The Power of Accurate Numbers

Recently, one of the major organizations started asking shelters to include owner request euthanasia’s to be counted in shelter intake numbers. Their argument is that some shelters ask individuals to sign an owner-request form when intaking an animal over 10 years old. Though this is true it hardly happens as much as actual owner-request euthanasia’s. And therefore will skew intake numbers and provide yet another hic-cup in the shelter statistics debate.

Many organizations follow the Asilomar Accords model which also asks you to include owner-request euthanasia’s in intake numbers but then has the organization subtract them from the total. Technically owner-request euthanasia’s are an ‘outpatient’ procedure. The animals are not being surrendered to the organization, the animals owners are hiring the organization to perform a service….just like a shelters cremation service and it’s spay/neuter services.
As we all know (and lament) there is not one depository for shelter statistics. Though all the national organizations and any grant funder requires and has statistics from shelters across the nation…these are not being shared, centralized or analyzed to help the industry as a whole.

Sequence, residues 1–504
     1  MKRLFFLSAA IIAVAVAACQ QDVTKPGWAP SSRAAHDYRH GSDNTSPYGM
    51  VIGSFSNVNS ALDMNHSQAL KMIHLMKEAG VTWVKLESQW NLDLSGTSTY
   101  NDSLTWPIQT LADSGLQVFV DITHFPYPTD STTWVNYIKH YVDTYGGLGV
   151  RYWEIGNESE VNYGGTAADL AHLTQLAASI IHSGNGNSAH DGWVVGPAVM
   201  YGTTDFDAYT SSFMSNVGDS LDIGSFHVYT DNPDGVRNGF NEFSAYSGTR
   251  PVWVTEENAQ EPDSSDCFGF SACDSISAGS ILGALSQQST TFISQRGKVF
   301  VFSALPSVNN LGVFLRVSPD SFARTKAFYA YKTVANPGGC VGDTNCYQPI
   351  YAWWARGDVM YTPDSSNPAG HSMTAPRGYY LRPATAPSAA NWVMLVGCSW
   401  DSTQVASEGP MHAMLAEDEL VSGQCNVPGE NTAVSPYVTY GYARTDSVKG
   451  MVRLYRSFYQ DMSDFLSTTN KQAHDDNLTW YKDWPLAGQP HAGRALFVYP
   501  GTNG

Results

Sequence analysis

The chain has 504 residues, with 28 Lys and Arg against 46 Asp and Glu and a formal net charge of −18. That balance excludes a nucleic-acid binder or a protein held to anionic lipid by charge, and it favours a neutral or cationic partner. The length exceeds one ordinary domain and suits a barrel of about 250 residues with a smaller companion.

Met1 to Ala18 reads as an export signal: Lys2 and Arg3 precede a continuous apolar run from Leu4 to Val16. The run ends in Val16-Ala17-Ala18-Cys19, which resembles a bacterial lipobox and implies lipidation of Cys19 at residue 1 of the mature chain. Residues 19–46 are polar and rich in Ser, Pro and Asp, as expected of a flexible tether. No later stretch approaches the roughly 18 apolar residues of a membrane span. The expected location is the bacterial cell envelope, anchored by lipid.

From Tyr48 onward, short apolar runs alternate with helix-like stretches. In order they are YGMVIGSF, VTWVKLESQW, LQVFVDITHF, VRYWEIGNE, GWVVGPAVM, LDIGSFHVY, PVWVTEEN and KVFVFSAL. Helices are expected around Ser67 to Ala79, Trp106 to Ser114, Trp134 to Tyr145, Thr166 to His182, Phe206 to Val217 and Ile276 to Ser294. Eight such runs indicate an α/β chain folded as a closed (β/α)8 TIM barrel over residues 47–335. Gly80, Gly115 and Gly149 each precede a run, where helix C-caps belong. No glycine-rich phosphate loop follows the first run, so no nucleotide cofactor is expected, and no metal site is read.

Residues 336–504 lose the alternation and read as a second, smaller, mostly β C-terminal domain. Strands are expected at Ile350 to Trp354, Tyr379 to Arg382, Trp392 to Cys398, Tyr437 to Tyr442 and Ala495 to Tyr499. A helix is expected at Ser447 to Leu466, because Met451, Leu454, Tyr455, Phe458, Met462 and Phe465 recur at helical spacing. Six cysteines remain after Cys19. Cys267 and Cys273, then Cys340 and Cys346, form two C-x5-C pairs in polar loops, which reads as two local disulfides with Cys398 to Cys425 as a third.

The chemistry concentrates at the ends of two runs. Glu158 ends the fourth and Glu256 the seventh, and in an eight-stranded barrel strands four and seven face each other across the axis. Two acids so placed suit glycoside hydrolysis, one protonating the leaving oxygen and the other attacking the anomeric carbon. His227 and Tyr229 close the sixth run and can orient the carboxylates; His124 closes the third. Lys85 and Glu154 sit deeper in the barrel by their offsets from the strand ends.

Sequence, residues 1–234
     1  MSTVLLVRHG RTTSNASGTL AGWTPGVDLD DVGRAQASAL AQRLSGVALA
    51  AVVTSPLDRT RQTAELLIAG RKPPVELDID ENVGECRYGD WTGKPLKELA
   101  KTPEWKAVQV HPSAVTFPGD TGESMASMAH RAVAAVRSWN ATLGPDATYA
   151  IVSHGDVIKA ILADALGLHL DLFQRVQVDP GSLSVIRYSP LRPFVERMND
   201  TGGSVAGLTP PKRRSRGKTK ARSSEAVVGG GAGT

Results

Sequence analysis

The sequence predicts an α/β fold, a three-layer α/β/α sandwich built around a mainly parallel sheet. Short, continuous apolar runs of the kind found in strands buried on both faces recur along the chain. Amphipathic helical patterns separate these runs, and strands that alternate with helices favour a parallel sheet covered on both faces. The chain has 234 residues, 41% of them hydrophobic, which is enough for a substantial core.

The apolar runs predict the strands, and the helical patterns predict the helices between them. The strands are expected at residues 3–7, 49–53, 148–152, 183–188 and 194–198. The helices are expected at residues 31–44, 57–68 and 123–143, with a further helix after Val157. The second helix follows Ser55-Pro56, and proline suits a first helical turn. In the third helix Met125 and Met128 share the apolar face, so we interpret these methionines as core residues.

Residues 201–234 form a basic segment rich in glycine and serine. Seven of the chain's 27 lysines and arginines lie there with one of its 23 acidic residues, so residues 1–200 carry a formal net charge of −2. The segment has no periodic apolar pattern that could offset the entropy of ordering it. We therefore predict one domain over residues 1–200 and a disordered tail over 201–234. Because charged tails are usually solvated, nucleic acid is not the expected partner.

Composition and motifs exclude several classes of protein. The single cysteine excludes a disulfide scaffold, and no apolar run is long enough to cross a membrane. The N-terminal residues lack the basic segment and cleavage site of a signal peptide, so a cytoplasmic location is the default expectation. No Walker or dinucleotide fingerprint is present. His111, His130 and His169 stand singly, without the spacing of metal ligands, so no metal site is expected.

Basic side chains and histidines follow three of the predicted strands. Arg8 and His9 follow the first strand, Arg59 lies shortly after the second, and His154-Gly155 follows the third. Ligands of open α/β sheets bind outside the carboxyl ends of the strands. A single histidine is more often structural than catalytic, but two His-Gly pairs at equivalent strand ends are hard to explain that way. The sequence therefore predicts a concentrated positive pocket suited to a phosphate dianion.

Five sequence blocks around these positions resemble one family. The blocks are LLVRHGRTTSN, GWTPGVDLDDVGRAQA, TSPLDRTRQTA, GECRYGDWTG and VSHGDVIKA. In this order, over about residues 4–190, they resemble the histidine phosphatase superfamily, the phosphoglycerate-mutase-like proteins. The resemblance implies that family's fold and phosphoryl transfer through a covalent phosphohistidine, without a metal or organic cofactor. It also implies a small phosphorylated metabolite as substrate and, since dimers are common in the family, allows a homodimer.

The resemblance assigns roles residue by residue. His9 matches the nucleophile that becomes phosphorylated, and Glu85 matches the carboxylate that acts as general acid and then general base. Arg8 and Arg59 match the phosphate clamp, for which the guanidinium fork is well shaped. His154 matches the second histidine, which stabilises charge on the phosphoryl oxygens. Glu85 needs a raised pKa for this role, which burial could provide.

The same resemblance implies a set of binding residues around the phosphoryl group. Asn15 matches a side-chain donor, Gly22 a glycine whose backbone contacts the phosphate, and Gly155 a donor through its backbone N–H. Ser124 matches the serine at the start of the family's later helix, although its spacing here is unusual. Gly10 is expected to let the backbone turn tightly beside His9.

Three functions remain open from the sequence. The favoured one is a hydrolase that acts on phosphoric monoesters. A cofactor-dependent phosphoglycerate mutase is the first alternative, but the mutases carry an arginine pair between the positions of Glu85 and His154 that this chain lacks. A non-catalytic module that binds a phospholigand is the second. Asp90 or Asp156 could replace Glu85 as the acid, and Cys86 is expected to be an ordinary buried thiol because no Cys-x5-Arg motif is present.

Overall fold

Colorado is one of the only states that mandates that any facility that boards animals reports their numbers to a centralized agency. Because of this I can tell you that in Colorado 170,000 animals entered the animal welfare system in 2016; that’s 33 animals per 1,000 people.

I can also tell you that we euthanized 10% of dogs and 24% of cats that entered the system and therefore throughout the state of Colorado we have a LRR of 83%. I can show you that we’re RTO’ing 24% of dogs and 6% of cats, adopting 50% of each and boarding 10,000 dogs every day.

Of the 103,298 dogs and 66,826 cats that entered Colorado’s Animal Welfare system in 2016:
You see numbers are useful. They give us the ability to see where we are and how much farther we have to go. They also provide us with tools to educate the public on the status of overpopulation and the need for basic animal welfare within communities.

So why is it that shelters are asked to count owner-request euthanasia’s as intakes but not animals dropped off for spay/neuter surgery? Technically they’re apples to apples – two procedures the organization offers to the public….neither of which is giving the shelter ownership of the animal and therefore neither of which should be counted in intake numbers (even if they’re subtracted out at the end).

As Animal Sheltering continues to grow into a well-run, professional industry more and more eyes will be on the profession. Therefore it is up to all of us to show with accuracy exactly what we’re dealing with and not try to overinflate the problem.

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